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The Meaning of the Massive Mookie Money

Chicago Cubs

In normal times, I would’ve had two reactions to the Los Angeles Dodgers extending Mookie Betts on a deal that ultimately amounted to 12 years and $365 million, kicking in after this season. My reactions would’ve been: (1) wow, Mookie was definitely right not to extend with the Red Sox for $250+ million, and (2) dang it, Mookie isn’t reaching free agency. That’s no fun.

These are not normal times.

You cannot think about Betts getting that monster deal right now without viewing it through the lens of the pandemic and its “biblical” impact on the league. Which means my reactions to the deal were completely different than they would have been four months ago. This deal back then wouldn’t have surprised me. This deal right now absolutely shocked me.

Let’s talk about some other reactions.

Reaction #1: The very top of the market is still exploding.

Even during the relative free agent freeze out of the last few years, the guys at the top of the market – the stars – were not only still get theirs, they were pushing the top of the market forward. Pretty normal stuff for an industry whose revenues were growing annually.

At the same time, the “middle class” of free agency was getting more and more squeezed as teams, en masse, increasingly decided that there wasn’t enough value in the difference between 31-year-old Decent Free Agent X and 23-year-old Decent Prospect Y to justify paying what we’d come to expect as normal free agent rates.

Betts, who’ll play next year at age 28 and is a dang superstar, definitely falls into the group of guys “at the top of the market.” In that respect, his deal – which approaches Mike Trout’s extension and far exceeds recent deals for other young stars like Bryce Harper and Manny Machado – is further evidence that the top of the market continues its ascent, despite the pandemic. But because that was already happening before the pandemic, how much can we really say this means for anyone other than the elite guys? I kinda think it doesn’t mean anything for them. Or at least it doesn’t prove anything for them.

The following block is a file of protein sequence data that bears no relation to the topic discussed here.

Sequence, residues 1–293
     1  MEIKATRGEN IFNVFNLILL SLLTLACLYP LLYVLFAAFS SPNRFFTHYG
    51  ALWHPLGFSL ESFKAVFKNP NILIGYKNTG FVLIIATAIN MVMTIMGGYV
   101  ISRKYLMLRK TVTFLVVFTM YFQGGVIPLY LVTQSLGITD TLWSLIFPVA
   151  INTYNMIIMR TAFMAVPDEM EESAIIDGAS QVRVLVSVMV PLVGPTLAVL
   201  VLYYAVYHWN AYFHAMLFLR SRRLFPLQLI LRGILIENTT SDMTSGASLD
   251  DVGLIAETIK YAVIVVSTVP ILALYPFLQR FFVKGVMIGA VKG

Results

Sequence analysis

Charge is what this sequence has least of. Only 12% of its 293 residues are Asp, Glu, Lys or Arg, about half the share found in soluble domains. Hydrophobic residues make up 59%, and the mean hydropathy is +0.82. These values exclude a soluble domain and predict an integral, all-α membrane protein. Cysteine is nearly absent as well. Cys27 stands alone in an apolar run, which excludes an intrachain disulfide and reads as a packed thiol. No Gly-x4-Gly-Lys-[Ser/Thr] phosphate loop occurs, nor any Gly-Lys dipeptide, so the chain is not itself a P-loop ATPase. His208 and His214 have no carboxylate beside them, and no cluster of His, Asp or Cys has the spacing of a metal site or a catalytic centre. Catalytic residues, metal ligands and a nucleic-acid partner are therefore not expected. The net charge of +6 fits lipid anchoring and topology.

That is to say, I’m not sure this deal tells us much of anything about the broader free agent market, because guys like Betts (and Gerrit Cole or Stephen Strasburg or Anthony Rendon) were already showing us that the price tags for players were becoming super stratified. The market increasingly says Betts isn’t worth double a player half his talent – he’s worth, like, quintuple that amount.

So if the pandemic were to have an immediate impact on free agency and arbitration – and I still very, very much think it will – you can bet it will be felt most acutely by players who are not truly elite. Certainly, they would’ve been even more freaked out if Betts had signed for $100 million, though, so at least there’s that.

Reaction #2: The Dodgers clearly feel good about the financial future.

Yeah, maybe the Dodgers were down the road a bit on this deal and felt pretty committed to getting something done with Betts. But if the pandemic truly and fundamentally changed their outlook on the next decade of professional baseball, they would’ve pulled the plug before putting pen to paper. You cannot plausibly take anything away from this deal as far as the Dodgers go beyond saying, yeah, clearly they feel like the revenues are going to come right back. (And, let’s keep in mind that MLB just secured a new long-term TV rights deal with Turner for a huge increase in fees last month, so the Dodgers aren’t alone in betting that things, eventually, will be fine.)

Are there probably still concerns about next year? Yeah. But, again, clearly the Dodgers do not believe next year’s disruption will fundamentally change the financial course of the sport.

For his part, Dodgers President Andrew Friedman flat-out said that this kind of long-term thinking was part of the deal (OC Register): “I think from ownership on down, this just speaks to the faith we have in things getting back to normal. Obviously this is over a much longer period of time which helps in that confidence. And it’s really high once we kind of get through this. And fortunately when you go 12 years you have nothing but time.”